"It is disappointing that the government has not only rejected the solutions recommended by the independent consultants and its own inter-Ministerial working group, but has also failed to provide an alternative strategy regarding the development of the two companies and the country’s digital sector. The negative decision is detrimental for both LMT and Lattelecom and ultimately to Latvian society and the wider economy," Telia said in a statement.
With more than a hint of annoyance, the company continued:
Over the past decade, Telia Company has put forward every single option to the government – to buy, to sell, to merge and different ownership structures, which have now all been rejected. Telia Company will now take stock of the situation and the details of the government's decision and assess its options.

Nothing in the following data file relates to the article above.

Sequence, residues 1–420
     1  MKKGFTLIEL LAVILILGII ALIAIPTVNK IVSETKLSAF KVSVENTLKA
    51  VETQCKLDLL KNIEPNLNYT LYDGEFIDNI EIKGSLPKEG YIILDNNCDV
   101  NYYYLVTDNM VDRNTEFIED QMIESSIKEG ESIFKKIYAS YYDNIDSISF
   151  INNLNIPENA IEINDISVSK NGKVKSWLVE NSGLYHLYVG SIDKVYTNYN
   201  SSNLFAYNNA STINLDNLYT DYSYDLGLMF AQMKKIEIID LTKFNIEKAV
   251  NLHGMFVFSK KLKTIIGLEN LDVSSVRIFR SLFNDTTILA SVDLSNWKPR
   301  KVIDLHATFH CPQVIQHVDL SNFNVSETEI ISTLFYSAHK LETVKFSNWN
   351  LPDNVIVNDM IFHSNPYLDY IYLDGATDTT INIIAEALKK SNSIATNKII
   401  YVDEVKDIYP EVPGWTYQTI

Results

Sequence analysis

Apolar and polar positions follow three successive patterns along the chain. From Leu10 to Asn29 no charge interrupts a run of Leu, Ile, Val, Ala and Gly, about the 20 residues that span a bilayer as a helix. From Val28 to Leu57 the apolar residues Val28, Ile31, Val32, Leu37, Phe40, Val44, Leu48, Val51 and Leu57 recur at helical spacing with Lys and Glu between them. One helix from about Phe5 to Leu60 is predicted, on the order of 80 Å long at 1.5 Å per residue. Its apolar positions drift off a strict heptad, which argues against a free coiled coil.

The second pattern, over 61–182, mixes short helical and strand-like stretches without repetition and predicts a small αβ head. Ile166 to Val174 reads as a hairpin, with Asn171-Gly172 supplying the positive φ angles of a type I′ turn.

Telia had previously signalled that it might sell its stakes in LMT and Lattelecom if a merger was taken off the table.
Telia Group companies Sonera Holding and Telia Company own 49% of LMT shares altogether, while Latvian Radio and Television Center and Latvian Privatization Agency - 28%. Lattelecom, which belongs to Telia and the state of Latvia, owns 23% of LMT shares.
Telia Group company Tilts Communications owns 51 percent of Lattelecom shares, and Latvian Privatization Agency the other 49%.